BSS vice dean electable for new political party
Why did you decide to join the party as a candidate?
‘A good friend of mine who’s second on the list called me during the Christmas holidays. I thought he was joking at first, but he was serious. I got more into it when I heard the party’s ideals. I can criticise and yell all I want, but you can’t stay on the sidelines if you want things to change. It’s time to take action.’
What are the party’s ideals, exactly?
‘NLBeter wants to tackle the urgent issues concerning education, healthcare, and the environment. What’s so great about this party is that the people up for election are experts from the field. They know what they’re talking about. We have experience. We know how things work, since it’s our everyday business. It’s a great project that will bring something new to the political world.’
What will you contribute to the party?
‘Over the past twenty-five years, I’ve done a lot of research into how to organise education to allow students to learn and lecturers to work. I think I’ll be able to contribute to policy. In collaboration with lecturers and schools we can make ourselves be heard better.’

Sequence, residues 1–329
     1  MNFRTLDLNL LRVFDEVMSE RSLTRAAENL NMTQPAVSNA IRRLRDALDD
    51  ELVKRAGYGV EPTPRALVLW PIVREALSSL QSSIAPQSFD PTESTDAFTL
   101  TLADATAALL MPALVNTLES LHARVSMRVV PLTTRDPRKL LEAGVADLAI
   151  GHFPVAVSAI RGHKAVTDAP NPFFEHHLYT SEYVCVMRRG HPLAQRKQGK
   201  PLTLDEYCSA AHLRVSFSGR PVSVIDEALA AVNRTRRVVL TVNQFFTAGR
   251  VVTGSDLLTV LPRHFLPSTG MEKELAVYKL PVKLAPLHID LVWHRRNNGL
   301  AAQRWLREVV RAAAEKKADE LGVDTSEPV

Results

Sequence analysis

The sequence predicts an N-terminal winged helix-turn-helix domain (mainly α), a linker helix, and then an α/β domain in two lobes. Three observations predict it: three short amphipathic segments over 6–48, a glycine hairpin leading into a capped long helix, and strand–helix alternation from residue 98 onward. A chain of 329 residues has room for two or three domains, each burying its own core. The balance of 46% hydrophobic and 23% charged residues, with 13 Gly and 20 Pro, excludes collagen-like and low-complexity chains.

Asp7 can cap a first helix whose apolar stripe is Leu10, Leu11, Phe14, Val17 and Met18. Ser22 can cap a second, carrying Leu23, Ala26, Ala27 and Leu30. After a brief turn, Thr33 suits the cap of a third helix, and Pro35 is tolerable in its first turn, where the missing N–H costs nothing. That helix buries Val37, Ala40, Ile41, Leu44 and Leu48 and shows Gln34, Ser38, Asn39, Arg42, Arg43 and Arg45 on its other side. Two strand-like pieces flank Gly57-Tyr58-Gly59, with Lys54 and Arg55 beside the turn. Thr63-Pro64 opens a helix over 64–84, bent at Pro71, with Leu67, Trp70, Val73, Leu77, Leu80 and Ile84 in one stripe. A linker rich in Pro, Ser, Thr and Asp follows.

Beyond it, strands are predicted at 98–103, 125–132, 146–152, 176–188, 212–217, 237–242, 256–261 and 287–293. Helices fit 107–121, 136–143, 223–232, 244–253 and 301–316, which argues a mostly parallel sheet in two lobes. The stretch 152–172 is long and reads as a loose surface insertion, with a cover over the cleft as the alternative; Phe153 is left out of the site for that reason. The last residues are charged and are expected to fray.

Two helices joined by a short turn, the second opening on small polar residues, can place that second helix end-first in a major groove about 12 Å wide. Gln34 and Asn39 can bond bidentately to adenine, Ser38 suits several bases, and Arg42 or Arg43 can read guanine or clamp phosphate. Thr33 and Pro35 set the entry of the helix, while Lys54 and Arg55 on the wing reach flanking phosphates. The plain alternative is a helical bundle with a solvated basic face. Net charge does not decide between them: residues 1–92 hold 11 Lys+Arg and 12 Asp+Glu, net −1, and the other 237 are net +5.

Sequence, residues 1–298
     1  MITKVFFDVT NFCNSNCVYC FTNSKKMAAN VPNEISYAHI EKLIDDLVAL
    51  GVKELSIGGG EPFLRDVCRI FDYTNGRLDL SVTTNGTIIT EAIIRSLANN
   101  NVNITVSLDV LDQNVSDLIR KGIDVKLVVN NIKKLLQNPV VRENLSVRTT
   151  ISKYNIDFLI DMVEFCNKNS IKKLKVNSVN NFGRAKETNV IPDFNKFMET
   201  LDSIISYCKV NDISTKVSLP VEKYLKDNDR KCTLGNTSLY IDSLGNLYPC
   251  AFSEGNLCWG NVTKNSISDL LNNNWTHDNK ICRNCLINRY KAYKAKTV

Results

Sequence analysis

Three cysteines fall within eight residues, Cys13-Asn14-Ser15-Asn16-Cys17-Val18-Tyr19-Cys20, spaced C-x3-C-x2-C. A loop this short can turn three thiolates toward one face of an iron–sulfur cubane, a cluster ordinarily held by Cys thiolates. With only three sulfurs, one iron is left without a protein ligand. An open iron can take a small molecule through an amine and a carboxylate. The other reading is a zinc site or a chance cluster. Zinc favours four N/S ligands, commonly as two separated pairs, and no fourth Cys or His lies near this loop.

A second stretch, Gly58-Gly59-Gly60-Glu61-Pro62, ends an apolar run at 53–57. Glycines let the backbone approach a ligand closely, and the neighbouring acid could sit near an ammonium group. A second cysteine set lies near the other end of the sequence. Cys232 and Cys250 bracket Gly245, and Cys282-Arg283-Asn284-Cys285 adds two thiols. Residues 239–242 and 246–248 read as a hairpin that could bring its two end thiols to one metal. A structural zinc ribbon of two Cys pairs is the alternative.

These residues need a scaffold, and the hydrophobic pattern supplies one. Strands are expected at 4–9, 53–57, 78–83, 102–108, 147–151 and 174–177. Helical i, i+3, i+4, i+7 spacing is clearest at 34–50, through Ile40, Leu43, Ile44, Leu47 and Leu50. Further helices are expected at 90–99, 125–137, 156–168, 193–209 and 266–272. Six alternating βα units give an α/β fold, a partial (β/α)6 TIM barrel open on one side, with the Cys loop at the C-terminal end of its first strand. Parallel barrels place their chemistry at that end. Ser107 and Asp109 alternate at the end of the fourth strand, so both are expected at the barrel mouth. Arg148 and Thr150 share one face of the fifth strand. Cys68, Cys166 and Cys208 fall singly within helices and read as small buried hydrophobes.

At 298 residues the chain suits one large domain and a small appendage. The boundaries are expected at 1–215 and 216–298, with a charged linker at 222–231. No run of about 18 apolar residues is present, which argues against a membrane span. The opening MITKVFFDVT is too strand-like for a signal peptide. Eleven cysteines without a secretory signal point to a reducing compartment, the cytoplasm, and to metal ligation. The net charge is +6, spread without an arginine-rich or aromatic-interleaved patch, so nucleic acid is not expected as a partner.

Will you be campaigning?
‘Ideally, yes. I’m not sure how that would work here at the university, since I’m a vice dean. I don’t want my two different roles to mix. But I definitely want national attention, by publishing articles in newspapers for example. I’m already doing that. Then again, I’m at the bottom of the list. There’s a reason I’m number thirteen on the list. They initially wanted to put me in fifth place, but that was a bit much for me. I don’t actually want a seat in the Lower House. I have two young children, so it’s not a great time for me to become a politician.’
What if enough people vote for you?
‘Then it’s on! I’d take my responsibility. But I’d want the best post, of course: minister of education, haha. If you really want to change things, you can’t be afraid. My partner and children support me, fortunately. They’ve seen how passionate I am. I’ve also informed the faculty. If people want me to leave Groningen, they should definitely vote for me. If the whole faculty ends up voting for me, I’ll know how they really feel about me!’